When To Call a Doctor  

Call a doctor about chronic pain if:

  • Your pain has lasted more than 3 months without a clear reason.

  • You are feeling down or blue or are not enjoying the activities or hobbies that you have enjoyed in the past. You may be experiencing depression, which is common with chronic pain.

  • You are unable to sleep because of the pain.

  • You had an illness or injury that healed, but the pain has not gone away.

  • You have a family member or friend who appears to be suffering from chronic pain, and you would like information about treatment.

Watchful Waiting

Watchful waiting is a period of time during which you and your doctor observe your symptoms or condition without using medical treatment. If you are able to control occasional, mild to moderate pain with exercise, healthy eating, massage, and pain relievers-such as acetaminophen or nonsteroidal anti-inflammatory drugs (NSAIDs), for example, ibuprofen or aspirin-you may not need further treatment from a doctor. But watchful waiting is not appropriate if your pain is severe or if persistent pain interferes with your life. If you delay treatment, the pain may get worse.

Who To See

If you have mild to moderate recurring pain that cannot be managed at home, you may need to consult one of the following health professionals:

  • Family medicine doctor

  • Internist

  • Nurse practitioner

  • Physician assistant

  • Doctor of osteopathy

If your chronic pain is moderate to severe and constant, or if treatment does not control the pain, your primary health professional may recommend that you see a specialist, such as one or more of the following:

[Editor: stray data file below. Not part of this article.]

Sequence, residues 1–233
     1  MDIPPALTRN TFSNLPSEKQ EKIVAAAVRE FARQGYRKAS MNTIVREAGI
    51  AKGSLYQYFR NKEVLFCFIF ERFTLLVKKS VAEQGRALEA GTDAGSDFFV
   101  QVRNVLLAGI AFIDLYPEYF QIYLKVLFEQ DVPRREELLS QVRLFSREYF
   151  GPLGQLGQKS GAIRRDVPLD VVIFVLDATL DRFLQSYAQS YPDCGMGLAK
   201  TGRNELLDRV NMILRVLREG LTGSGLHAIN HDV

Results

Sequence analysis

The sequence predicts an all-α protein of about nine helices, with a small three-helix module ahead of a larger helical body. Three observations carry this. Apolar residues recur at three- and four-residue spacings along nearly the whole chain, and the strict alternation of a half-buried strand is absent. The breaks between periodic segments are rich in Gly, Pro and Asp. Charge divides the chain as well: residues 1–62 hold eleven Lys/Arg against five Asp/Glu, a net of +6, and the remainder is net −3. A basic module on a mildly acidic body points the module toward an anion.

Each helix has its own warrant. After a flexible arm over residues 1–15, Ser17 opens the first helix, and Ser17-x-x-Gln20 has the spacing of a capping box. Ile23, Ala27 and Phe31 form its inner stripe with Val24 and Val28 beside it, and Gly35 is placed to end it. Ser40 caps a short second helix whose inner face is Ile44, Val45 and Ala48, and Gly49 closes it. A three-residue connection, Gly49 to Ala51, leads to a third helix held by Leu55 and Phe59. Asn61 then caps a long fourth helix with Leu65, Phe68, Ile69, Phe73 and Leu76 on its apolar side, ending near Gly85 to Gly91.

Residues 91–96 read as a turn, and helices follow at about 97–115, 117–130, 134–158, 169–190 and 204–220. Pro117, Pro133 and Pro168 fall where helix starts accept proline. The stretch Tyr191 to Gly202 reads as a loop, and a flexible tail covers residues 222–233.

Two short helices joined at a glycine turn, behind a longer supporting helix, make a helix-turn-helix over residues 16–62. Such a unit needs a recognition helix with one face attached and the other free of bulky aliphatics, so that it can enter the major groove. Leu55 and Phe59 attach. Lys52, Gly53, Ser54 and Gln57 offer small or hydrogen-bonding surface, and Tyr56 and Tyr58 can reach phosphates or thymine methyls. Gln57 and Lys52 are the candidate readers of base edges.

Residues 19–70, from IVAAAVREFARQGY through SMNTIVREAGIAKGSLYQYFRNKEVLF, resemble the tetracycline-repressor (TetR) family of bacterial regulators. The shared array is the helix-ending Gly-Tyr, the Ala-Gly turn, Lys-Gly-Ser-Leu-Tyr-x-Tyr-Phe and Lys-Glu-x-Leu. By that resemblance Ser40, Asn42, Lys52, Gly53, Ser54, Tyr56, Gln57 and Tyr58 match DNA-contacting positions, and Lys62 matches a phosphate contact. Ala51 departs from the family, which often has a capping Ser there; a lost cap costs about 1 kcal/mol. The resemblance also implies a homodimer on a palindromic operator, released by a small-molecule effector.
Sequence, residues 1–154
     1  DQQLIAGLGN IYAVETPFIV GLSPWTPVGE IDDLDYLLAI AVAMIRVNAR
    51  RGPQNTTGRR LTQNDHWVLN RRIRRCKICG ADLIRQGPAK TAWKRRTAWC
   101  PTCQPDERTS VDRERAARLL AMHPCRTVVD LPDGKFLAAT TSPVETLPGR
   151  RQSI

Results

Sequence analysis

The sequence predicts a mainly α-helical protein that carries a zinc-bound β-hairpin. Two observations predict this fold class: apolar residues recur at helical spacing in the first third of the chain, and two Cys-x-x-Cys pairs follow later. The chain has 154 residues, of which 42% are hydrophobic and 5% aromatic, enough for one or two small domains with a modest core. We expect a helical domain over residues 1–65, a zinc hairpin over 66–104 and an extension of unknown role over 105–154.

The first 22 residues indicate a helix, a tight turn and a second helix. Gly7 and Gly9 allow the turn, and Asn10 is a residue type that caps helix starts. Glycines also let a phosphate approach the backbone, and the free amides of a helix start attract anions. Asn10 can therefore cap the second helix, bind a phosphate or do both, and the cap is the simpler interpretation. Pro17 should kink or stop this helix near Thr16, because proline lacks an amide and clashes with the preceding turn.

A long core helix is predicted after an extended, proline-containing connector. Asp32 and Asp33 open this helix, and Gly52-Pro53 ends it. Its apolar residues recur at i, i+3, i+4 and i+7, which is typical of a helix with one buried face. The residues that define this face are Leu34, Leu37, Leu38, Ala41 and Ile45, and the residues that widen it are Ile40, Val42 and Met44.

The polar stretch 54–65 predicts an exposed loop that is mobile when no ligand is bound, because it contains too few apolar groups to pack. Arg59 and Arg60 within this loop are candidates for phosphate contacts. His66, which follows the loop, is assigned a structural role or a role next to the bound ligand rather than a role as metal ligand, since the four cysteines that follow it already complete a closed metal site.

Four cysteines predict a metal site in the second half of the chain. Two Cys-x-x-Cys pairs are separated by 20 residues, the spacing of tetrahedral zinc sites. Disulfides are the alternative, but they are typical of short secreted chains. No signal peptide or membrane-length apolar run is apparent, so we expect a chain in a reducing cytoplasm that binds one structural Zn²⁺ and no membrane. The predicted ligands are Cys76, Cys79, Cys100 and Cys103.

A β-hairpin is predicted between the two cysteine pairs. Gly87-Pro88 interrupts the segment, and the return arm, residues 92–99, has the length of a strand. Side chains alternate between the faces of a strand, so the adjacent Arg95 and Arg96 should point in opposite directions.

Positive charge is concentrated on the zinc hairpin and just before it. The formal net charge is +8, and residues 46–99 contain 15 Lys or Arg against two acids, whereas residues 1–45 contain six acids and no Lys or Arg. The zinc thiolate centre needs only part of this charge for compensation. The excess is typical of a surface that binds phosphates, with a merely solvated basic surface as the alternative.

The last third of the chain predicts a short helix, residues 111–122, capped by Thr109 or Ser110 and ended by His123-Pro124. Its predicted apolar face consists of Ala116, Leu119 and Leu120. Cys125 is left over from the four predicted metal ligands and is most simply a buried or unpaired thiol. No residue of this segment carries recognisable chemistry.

• Pain management specialist

  • Physiatrist

  • Physical therapist

  • Neurologist

  • Obstetrician or gynecologist (for chronic pelvic pain)

  • Urologist

  • Anesthesiologist

  • Psychiatrist, psychologist, or a licensed mental health counselor

  • Orthopedic surgeon

  • Rheumatologist

  • Chiropractor

Often more than one specialist will treat your chronic pain. For example, a primary physician may manage your medicines, and a physical therapist may help you restore function through exercise or other therapies. A professional counselor may help you with coping and depression, and a complementary medicine practitioner may provide alternative therapies such as acupuncture or yoga.

If chronic pain persists and interferes with your daily life despite treatment, you may want to seek an evaluation at a pain management clinic. A pain management clinic is a setting where you receive treatment and learn to cope with chronic pain. Treatment is usually provided by a team of doctors who work together to address all the possible causes of your chronic pain.